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  1. #1
    Join Date
    Jun 2010
    Posts
    21

    Unanswered: Help with my first Stored Procedure

    Hello all...

    I've created a web form that when submitted should add the submitted data to three different tables.

    I've never really created a SP before so I'm a bit confused on the proper and easiest way to do this.

    I can go into SSMS and click on the Script To Insert for each of the tables but not really sure how to combine the three or make it so that all tables get updated or make sure that none do if the operation fails.

    Table 1 is called Season with the following columns
    SeasonID,
    SeasonYear
    SeasonDescription

    Table 2 is called Team, with the following columns
    TeamID
    TameName
    TeamImage
    TeamAbbr

    Table 3 is called TeamType, with the following columsn
    TeamTypeID
    TeamType

    Any thoughts or suggestions would be great...

    Thanks,
    Bob
    Last edited by bobmc; 08-02-10 at 00:31. Reason: Added 3rd Table..

  2. #2
    Join Date
    Feb 2004
    Location
    In front of the computer
    Posts
    15,579
    Provided Answers: 54
    In theory, theory and practice are identical. In practice, theory and practice are unrelated.

  3. #3
    Join Date
    Jun 2010
    Posts
    21
    This is my first attempt, I'm pretty sure its wrong but I'm not sure how to test it either. I know I'd use the exec command but not sure how I'd pass the variables for the IDs of the other tables in that command. Also I used SCOPE_IDENTITY() twice, which I couldn't find any examples of anyone doing this, but pretty much all of the examples I reviewed were for only two tables, so wasn't sure.

    Code:
    CREATE PROCEDURE SP_InsertSeasonTeam    
      
    
    @SeasonYear varchar(30),    
    @SeasonDescription varchar(30),  
    @TeamTypeFKID int,  
    @SeasonFKID int,
    @TeamName varchar(100),
    @TeamImage varchar(400),
    @TeamAbbr varchar(8),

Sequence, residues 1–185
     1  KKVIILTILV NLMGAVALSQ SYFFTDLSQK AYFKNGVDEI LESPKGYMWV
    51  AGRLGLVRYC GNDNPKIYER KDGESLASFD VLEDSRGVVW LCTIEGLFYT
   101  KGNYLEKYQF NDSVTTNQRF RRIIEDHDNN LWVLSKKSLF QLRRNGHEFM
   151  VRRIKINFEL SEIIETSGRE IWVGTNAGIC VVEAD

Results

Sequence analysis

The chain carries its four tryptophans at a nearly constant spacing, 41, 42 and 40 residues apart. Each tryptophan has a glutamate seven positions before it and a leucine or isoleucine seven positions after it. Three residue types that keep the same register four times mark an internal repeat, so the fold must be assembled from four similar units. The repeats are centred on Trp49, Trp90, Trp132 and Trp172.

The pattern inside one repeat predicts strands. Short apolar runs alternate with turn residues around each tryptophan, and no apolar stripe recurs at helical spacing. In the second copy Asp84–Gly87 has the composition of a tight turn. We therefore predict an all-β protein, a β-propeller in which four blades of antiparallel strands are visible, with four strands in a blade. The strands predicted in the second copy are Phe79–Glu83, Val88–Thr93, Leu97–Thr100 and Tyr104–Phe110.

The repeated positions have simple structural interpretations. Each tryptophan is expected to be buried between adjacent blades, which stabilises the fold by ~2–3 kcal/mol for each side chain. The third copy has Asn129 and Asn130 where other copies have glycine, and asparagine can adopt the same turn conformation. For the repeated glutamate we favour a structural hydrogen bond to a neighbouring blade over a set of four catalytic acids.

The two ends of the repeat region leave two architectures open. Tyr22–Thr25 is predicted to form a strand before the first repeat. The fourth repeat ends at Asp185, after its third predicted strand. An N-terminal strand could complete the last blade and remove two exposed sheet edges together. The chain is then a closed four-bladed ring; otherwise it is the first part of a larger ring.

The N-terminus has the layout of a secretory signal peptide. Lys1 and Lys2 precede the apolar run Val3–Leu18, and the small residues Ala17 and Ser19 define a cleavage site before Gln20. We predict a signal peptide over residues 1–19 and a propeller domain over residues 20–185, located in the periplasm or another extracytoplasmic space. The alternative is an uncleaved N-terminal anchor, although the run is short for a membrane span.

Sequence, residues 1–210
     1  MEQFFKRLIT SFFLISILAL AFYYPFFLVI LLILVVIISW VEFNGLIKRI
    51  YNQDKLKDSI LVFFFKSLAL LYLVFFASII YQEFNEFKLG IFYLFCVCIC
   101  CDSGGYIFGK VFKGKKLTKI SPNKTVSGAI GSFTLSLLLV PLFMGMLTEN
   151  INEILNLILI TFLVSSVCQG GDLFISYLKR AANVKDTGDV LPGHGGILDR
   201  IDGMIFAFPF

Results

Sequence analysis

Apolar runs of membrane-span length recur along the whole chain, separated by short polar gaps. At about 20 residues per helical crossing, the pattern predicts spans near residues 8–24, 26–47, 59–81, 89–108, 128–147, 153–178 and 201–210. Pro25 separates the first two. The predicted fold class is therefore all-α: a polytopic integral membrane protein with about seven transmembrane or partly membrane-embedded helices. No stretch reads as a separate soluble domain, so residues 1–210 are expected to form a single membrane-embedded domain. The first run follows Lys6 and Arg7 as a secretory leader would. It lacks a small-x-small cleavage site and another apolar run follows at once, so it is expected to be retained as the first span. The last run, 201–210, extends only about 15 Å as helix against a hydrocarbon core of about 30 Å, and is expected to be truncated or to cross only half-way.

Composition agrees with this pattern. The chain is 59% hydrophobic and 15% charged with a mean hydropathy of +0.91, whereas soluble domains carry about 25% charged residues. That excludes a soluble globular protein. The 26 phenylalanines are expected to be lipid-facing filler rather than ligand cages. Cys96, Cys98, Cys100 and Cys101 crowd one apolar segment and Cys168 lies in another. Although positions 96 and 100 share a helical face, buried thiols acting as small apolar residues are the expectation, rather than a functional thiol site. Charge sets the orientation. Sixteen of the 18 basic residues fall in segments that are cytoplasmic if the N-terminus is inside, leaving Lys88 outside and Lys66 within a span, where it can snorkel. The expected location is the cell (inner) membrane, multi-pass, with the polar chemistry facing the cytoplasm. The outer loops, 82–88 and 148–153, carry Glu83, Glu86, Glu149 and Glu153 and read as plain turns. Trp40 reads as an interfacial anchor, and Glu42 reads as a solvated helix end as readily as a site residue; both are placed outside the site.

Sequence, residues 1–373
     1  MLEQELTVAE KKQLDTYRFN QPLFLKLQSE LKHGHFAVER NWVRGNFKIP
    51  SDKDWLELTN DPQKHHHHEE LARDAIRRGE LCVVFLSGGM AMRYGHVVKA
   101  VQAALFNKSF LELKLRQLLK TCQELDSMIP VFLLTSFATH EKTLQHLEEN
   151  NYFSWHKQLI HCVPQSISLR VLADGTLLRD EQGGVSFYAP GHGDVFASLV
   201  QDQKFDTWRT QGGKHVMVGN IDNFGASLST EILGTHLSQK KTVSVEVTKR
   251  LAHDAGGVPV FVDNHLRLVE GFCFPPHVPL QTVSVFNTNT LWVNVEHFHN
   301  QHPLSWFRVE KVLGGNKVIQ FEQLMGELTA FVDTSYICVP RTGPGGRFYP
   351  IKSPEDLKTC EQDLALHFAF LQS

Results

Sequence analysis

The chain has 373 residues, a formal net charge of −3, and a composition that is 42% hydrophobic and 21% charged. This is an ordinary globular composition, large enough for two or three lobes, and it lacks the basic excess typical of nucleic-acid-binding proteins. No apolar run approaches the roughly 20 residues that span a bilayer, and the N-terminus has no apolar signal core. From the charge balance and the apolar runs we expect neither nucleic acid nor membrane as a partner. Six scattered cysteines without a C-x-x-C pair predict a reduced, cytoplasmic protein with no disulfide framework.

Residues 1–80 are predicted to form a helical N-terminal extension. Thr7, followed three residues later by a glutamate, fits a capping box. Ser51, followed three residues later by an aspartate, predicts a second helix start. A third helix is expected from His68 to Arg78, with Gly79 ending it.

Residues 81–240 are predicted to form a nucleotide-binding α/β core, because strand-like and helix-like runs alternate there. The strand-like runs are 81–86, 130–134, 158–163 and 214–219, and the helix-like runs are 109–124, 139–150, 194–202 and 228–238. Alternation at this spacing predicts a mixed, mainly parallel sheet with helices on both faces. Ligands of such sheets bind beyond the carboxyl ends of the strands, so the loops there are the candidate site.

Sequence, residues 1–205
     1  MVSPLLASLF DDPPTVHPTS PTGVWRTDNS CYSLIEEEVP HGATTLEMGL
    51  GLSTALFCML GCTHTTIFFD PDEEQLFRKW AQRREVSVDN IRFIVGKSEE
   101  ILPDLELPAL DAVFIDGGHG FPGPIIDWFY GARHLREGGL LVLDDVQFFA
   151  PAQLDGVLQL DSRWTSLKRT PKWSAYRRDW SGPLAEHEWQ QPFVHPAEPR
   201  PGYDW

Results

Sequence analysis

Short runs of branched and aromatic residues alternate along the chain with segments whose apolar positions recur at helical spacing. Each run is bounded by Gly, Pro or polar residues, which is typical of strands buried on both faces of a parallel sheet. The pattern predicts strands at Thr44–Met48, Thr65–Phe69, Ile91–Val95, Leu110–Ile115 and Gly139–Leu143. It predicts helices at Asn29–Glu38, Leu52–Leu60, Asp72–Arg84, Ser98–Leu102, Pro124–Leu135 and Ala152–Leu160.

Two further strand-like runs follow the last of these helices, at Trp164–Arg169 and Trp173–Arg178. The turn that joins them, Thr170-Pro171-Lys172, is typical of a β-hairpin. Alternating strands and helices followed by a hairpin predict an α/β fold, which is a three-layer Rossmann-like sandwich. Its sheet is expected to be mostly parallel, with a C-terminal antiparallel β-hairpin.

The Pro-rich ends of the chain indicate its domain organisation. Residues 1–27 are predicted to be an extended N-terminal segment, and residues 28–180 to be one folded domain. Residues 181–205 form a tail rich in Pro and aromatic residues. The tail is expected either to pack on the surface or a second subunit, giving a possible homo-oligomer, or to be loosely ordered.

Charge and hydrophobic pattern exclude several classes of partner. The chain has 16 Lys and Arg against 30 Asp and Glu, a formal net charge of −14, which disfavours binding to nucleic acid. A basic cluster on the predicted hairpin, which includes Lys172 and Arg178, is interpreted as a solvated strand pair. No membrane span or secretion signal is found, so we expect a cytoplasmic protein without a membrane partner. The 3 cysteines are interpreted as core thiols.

@TeamTypeID int,
    @TeamType varchar(25)
    
      
               
    AS    
        
    declare @SeasonID int     
                            
    BEGIN TRANSACTION Tran_InsertSeasonTeam                    
               
    
    
    INSERT INTO MCSN_Season(SeasonYear, SeasonDescription) VALUES (@SeasonYear, @SeasonDescription)
    INSERT INTO MCSN_TeamType(TeamType) VALUES (@TeamType)
        
    set @SeasonID=SCOPE_IDENTITY() 
    set @TeamTypeID=SCOPE_IDENTITY()    
        
    INSERT INTO MCSN_Team(TeamName, TeamImage, TeamAbbr, TeamTypeFKID, SeasonFKID) VALUES (@TeamName, @TeamImage, @TeamAbbr, @SeasonID, @TeamTypeID) 
        
    COMMIT TRANSACTION Tran_InsertSeasonTeam            
    
    
    GO
    Would be very greatfull for any feedback on how to make this work right..

    Thanks,
    Bob

  4. #4
    Join Date
    Aug 2010
    Posts
    1
    Check out this page. It has a good introduction on how to write T-SQL.
    SQL INSERT INTO Statement

  5. #5
    Join Date
    Jun 2010
    Posts
    21
    Thanks for reply nabber, however I've reviewed that site before and honestly it didn't help me much.

    Thanks,
    Bob

  6. #6
    Join Date
    Feb 2004
    Location
    One Flump in One Place
    Posts
    14,912
    SCOPE_IDENTITY() is for the last statement, so you need it call it immediately after the statement you need the identity value from.
    However, assuming season years and team types are unique (and it looks like they should be) then you don't even need to use SCOPE_IDENTITY.
    Testimonial:
    pootle flump
    ur codings are working excelent.

  7. #7
    Join Date
    Jun 2010
    Posts
    21
    Pootle..Thanks for the reply, however, I have to say now I'm even more confused..

    I have to pass the ID of the Season Table and the TeamType Table to the Team's Table during the INSERT because of the FK relations. This way I can display a report that shows all the Teams, and their Type within a specifc Season.

    Wouldn't I need SCOPE_IDENTITY() for that?

    Thanks,
    Bob

  8. #8
    Join Date
    Nov 2004
    Posts
    1,427
    Provided Answers: 4
    I am learning myself how to tackle errors during the execution of SP's. I tried two different ways to manage the transactions.
    General part:
    Code:
    CREATE TABLE Season(
    	SeasonID			int	IDENTITY (1, 1) NOT NULL,
    	SeasonYear			varchar(30)			NOT NULL
    	,  --CONSTRAINT cc_give_error CHECK (SeasonYear IS NULL), --Remove the ', --' before CONSTRAINT to force an error
    	SeasonDescription	varchar(30)			NOT NULL,
    	CONSTRAINT PK_Season PRIMARY KEY (SeasonID)
    )
    
    CREATE TABLE Team(
    	TeamID			int	IDENTITY (1, 1) NOT NULL,
    	TeamTypeID		int					not null,
    	SeasonID		int					not null,
    	TeamName		varchar(100)		not null,
    	TeamImage		varchar(400)		not null,
    	TeamAbbr		varchar(8)			not null,
    	CONSTRAINT PK_Team PRIMARY KEY (TeamID)
    )
    
    CREATE TABLE TeamType(
    	TeamTypeID		int	IDENTITY (1, 1) NOT NULL,
    	TeamType		varchar(25)			NOT NULL,
    	CONSTRAINT PK_TeamType PRIMARY KEY (TeamTypeID)
    )
    First method (old school), testing on the @@ERROR:
    Code:
    CREATE PROCEDURE Proc_InsertSeasonTeam (
    	@SeasonYear varchar(30),
    	@SeasonDescription varchar(30),
    
    	@TeamName varchar(100),
    	@TeamImage varchar(400),